From 2024, the Moscow Exchange will list tokenized real estate as digital financial assets (DFA) – Russia’s regulatory regime for tokenized conventional assets. The central bank has licensed ten DFA issuers but granted the Moscow Exchange the first DFA exchange license in August. At the same time, the National Settlement Depository, Russia’s primary central securities depository (CSD), became a licensed DFA issuer.
Similar to tokenization, the key benefits of DFAs are fractionalization and programmability. Developers and construction companies will be able to get a new funding source. According to Russian news outlet Izvestia, several large developers are exploring the concept.
Depending on the issuance, some of them may be open to retail investors. That’s up to the central bank to decide and they can also cap the maximum investment.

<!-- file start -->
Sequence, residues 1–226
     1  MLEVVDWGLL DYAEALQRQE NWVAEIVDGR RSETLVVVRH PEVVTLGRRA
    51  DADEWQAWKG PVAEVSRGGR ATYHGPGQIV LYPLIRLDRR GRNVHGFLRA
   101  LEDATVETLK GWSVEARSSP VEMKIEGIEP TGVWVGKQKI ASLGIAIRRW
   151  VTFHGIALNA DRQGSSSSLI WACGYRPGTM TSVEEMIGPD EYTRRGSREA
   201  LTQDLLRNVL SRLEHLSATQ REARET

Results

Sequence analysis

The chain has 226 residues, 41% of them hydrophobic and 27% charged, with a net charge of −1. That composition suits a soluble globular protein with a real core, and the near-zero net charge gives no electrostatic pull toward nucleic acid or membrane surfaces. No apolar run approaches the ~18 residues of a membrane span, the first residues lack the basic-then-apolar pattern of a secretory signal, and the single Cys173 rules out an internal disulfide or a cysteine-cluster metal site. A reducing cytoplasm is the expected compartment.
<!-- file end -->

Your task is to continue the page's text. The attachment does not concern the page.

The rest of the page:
One of the first DFA tokenization platforms, Atomyze, has already issued three real estate DFAs, with one available to consumers. It apparently had a guaranteed minimum return of 10%. The issuers of the three DFAs were Samolet Plus and G Group for a total of Ruble 22 million ($230,000). In one case, the minimum investment was Ruble 50,000 ($520).
Real estate tokenization is attracting significant interest in other jurisdictions. In Japan, it’s the most popular avenue for tokenization. Mitsui & Co Digital Assets launched a platform enabling consumers to invest directly, sidestepping traditional securities intermediaries. And in Israel, the land registry is planning an exchange.